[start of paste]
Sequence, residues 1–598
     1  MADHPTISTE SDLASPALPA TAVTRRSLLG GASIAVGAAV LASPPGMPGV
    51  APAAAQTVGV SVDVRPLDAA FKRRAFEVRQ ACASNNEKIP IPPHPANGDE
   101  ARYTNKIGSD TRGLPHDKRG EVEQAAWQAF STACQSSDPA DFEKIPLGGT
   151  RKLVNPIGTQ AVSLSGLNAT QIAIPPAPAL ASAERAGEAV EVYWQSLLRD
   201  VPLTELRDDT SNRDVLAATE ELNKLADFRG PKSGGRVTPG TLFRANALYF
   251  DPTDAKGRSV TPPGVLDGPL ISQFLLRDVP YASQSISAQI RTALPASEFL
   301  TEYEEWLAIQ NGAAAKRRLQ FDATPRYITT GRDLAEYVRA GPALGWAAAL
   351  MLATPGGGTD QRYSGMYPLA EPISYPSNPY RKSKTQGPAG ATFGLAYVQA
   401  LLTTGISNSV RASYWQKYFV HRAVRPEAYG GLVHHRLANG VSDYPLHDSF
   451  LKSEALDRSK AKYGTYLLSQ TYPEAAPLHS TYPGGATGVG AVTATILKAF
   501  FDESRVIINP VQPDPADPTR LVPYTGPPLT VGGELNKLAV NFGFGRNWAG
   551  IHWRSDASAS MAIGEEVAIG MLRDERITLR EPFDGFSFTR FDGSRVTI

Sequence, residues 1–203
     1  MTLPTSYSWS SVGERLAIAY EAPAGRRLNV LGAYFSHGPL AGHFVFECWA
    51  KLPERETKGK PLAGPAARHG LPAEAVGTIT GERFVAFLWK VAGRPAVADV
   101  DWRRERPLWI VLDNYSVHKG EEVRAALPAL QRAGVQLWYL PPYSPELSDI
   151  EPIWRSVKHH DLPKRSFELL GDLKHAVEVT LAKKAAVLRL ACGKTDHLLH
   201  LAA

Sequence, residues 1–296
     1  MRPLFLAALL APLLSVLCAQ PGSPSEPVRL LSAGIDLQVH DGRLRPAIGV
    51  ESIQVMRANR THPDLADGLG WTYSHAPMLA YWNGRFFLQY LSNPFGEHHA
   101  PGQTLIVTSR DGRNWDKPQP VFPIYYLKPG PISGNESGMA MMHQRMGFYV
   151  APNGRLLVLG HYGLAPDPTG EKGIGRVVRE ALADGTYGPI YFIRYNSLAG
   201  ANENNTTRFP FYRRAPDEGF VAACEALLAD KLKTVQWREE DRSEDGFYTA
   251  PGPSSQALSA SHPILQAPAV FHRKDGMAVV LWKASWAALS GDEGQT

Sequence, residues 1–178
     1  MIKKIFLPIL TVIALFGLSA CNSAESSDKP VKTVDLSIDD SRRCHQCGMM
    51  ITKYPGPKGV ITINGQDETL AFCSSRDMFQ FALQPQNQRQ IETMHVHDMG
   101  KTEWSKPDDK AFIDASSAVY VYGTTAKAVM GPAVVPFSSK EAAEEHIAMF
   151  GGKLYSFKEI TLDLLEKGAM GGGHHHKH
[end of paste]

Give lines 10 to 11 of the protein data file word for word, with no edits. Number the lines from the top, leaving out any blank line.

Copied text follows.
   401  LLTTGISNSV RASYWQKYFV HRAVRPEAYG GLVHHRLANG VSDYPLHDSF
   451  LKSEALDRSK AKYGTYLLSQ TYPEAAPLHS TYPGGATGVG AVTATILKAF